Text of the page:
Prescription for Katrinas
Whatever human error fed the failures in our response to the devastation of Katrina, let's not allow the search for scalps to obscure the big cracks in national preparedness that emerge only in disasters of such vast magnitude. As Red Cross president during 9/11 and many hurricanes, floods, and earthquakes, I learned that each disaster offers its own lessons. One of Katrina's most shocking: Our vaunted medical superiority crumbled like the levees in her smothering wake.
No book of floods would have anticipated the 30-something fellows frolicking like golden retrievers in Katrina's sewage-filled waters, recklessly flouting medical warnings. Nor would it have foreseen storm troopers enforcing mandatory evacuation orders with rifles at the ready--this after the floodwaters receded. Or dragging a frail old lady from her dry home and carting her off in a flatbed truck in the name of that public-health menace, E. coli. That's heavy medicine, especially when bottled water, purification tablets, and--as power returns--a good boiling will do. Bacterial contamination happens all the time after floods.
If there are health risks that do justify forcing people from their homes, we'd better decide exactly what they are ahead of time. Gunpoint evacuation or quarantine might be in order for smallpox outbreaks, but for what else? And should officials have harangued the holdouts, like the French Quarter residents who were spared the floodwaters, to leave? Their determination to clean up, rebuild, and recover their beloved city is the grit America was built on. Perhaps, instead of those flatbed trucks, we should get them the means to help themselves, like heavy boots, mosquito protection, clean water, food and medicine, and needed cash.
Guerrilla warfare. Brutal surprises dimmed rescuers' efforts. New Orleans police slogged through knee-deep water to fight off armed thugs in a kind of guerrilla warfare, without vehicles, low on ammunition, and with little food, water, or communication. Most of them lost their homes, and two of their comrades committed suicide. Healthcare workers labored amid disease, desolation, and lawlessness, practicing a kind of Third World medicine, to their own and their patients' detriment.
Had we successfully evacuated the sick and frail, we would have lost far fewer lives. But civilian hospitals and nursing homes lack mass evacuation capability when roads are out. They are in the dark without military-type satellite communications and in peril without armed guards. Calls to 911 utterly depend on cell towers, phone lines, and ambulance access. Even Katrina's high demand for healthcare workers was unexpected. The federal disaster medical assistance teams are not geared for a Katrina-level crisis. Doctors and nurses everywhere stand ready to volunteer, but they need training, safe and rapid transport, medical supplies, and maintenance to become a nationally integrated mercy battalion of sorts, poised for MASH-like settings.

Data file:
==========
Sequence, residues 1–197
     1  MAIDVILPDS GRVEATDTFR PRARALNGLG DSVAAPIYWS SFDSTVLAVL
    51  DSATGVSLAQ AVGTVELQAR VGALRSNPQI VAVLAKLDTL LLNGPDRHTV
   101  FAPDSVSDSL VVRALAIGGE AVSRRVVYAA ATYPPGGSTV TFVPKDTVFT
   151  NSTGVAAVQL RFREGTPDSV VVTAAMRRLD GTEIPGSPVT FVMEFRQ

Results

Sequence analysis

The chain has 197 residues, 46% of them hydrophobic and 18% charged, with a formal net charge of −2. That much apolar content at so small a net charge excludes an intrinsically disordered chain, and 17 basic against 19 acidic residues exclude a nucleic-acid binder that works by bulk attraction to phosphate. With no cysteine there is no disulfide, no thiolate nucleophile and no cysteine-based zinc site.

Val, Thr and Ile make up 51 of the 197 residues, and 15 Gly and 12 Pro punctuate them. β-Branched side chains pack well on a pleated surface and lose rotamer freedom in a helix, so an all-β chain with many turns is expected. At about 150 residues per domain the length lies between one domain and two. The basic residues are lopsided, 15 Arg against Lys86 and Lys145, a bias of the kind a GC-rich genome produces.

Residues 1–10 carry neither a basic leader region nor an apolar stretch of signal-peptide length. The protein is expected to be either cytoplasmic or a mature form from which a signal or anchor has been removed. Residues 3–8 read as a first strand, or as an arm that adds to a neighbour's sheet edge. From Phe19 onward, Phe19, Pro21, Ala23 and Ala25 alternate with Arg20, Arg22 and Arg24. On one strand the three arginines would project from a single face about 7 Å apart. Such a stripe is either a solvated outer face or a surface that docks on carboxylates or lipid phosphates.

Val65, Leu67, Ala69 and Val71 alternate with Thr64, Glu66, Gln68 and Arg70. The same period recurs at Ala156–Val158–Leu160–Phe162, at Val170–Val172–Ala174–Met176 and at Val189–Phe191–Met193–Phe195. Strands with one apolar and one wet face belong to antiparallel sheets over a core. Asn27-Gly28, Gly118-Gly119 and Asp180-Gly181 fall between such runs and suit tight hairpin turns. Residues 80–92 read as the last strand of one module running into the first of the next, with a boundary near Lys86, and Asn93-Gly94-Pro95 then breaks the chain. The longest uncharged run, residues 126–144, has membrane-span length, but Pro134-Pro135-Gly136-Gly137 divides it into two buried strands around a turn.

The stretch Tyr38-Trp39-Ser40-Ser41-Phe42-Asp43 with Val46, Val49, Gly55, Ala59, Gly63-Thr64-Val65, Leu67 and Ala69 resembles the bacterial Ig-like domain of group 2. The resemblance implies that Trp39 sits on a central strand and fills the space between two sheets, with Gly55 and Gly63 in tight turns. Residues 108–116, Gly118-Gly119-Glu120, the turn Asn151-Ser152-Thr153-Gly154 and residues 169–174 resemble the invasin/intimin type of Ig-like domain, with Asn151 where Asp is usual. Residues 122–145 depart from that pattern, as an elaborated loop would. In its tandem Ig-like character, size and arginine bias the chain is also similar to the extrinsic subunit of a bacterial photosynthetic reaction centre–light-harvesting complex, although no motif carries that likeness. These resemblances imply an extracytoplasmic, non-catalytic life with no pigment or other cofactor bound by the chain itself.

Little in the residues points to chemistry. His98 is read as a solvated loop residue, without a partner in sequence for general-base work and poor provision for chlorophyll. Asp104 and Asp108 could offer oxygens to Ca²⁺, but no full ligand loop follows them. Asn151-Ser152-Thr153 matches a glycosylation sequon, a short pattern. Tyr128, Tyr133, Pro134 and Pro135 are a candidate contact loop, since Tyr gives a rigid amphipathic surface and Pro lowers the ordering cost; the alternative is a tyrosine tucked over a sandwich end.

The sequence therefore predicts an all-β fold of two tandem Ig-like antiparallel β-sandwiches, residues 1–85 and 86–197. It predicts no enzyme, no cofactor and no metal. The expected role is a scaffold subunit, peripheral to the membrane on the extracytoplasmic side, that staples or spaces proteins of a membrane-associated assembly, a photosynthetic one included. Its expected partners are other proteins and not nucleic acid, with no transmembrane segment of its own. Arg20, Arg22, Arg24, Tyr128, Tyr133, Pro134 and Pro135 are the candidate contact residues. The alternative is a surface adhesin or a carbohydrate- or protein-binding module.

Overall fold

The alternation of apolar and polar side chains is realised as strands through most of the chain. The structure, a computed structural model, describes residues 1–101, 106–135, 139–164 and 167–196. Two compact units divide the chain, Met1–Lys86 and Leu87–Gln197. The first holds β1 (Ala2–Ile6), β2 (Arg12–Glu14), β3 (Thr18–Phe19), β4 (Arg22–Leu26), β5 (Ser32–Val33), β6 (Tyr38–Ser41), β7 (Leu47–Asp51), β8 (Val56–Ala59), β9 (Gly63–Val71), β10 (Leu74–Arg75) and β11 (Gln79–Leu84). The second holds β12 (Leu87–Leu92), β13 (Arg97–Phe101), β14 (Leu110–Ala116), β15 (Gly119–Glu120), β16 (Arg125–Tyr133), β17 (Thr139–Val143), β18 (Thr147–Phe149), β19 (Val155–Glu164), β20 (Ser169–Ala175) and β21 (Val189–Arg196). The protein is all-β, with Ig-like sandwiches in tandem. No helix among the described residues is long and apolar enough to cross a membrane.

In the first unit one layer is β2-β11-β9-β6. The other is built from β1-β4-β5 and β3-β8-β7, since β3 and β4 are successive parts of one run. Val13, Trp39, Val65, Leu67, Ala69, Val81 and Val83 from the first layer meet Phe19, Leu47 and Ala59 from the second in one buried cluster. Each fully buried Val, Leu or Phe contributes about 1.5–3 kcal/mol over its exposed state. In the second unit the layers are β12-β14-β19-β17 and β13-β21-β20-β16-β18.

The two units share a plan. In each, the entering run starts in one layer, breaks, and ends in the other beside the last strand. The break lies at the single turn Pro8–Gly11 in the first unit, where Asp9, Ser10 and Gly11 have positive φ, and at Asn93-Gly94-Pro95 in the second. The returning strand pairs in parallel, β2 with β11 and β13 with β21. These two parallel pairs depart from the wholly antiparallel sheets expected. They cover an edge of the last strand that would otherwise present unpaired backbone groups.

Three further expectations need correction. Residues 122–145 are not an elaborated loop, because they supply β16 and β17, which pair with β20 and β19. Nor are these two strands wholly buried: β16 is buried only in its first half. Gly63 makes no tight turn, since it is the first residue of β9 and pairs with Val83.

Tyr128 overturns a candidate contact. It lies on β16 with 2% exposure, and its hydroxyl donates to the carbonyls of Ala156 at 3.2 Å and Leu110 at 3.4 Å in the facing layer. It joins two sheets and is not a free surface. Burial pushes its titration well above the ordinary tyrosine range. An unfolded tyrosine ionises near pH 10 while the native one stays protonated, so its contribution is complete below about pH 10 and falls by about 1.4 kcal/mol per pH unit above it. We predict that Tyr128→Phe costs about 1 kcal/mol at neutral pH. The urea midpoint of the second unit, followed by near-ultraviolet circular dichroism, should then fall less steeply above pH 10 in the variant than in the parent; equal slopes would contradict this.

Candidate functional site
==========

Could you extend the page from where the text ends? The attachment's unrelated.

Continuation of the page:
The most tragic surprise came with the tens of thousands of people who chose to ignore the storm warnings. Some had no transportation, or feared their homes would be looted, or mistrusted where they would be taken. Remedying transportation and security is the easy part compared with rethinking our outmoded system of sheltering. Makeshift shelters with cots lined up tighter than beds in a 1950s charity ward are entrenched in disaster response. But they just don't do it for more than a few days, as these settings inevitably deteriorate into breeding grounds for disease, depression, anger, and misery. Let's get with designing the shelter of tomorrow: rapidly assembled tents or trailers that would grant some privacy to those who sleep there, and providing all evacuees a medical clinic and pharmacy, child-care and play areas, phone and computer access, work opportunities, and a bank offering interim cash grants as needed. And yes, a kennel for pets (with appropriate rules for their care and feeding), so people don't shun evacuation to protect their cherished best friends.
Threats of major floods, earthquakes, and increasingly now acts of terrorism are with us. It takes a heap of hubris to believe that we can anticipate their many curveballs, but also great humility to continually learn and respond in the face of inevitable uncertainties. As we mourn Katrina's dead, in their name let us dedicate ourselves to a national culture of 21st-century preparedness for what is sure to haunt us again in one dreadful way or another.
This story appears in the September 26, 2005 print edition of U.S. News & World Report.